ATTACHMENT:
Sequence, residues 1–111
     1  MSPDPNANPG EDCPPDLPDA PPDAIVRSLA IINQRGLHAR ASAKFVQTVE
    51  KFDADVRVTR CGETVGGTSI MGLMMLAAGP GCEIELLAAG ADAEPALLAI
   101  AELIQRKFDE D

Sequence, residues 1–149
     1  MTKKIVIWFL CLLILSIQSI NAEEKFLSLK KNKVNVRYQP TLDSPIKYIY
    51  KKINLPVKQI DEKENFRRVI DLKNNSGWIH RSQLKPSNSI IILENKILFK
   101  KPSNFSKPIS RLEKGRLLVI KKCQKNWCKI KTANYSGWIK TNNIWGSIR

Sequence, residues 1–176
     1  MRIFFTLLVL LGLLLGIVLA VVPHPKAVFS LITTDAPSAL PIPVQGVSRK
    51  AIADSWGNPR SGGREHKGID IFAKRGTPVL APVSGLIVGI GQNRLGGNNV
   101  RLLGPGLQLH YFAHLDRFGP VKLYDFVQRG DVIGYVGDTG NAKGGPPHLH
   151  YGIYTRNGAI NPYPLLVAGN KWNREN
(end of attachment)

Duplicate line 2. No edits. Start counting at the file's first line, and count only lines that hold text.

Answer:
     1  MSPDPNANPG EDCPPDLPDA PPDAIVRSLA IINQRGLHAR ASAKFVQTVE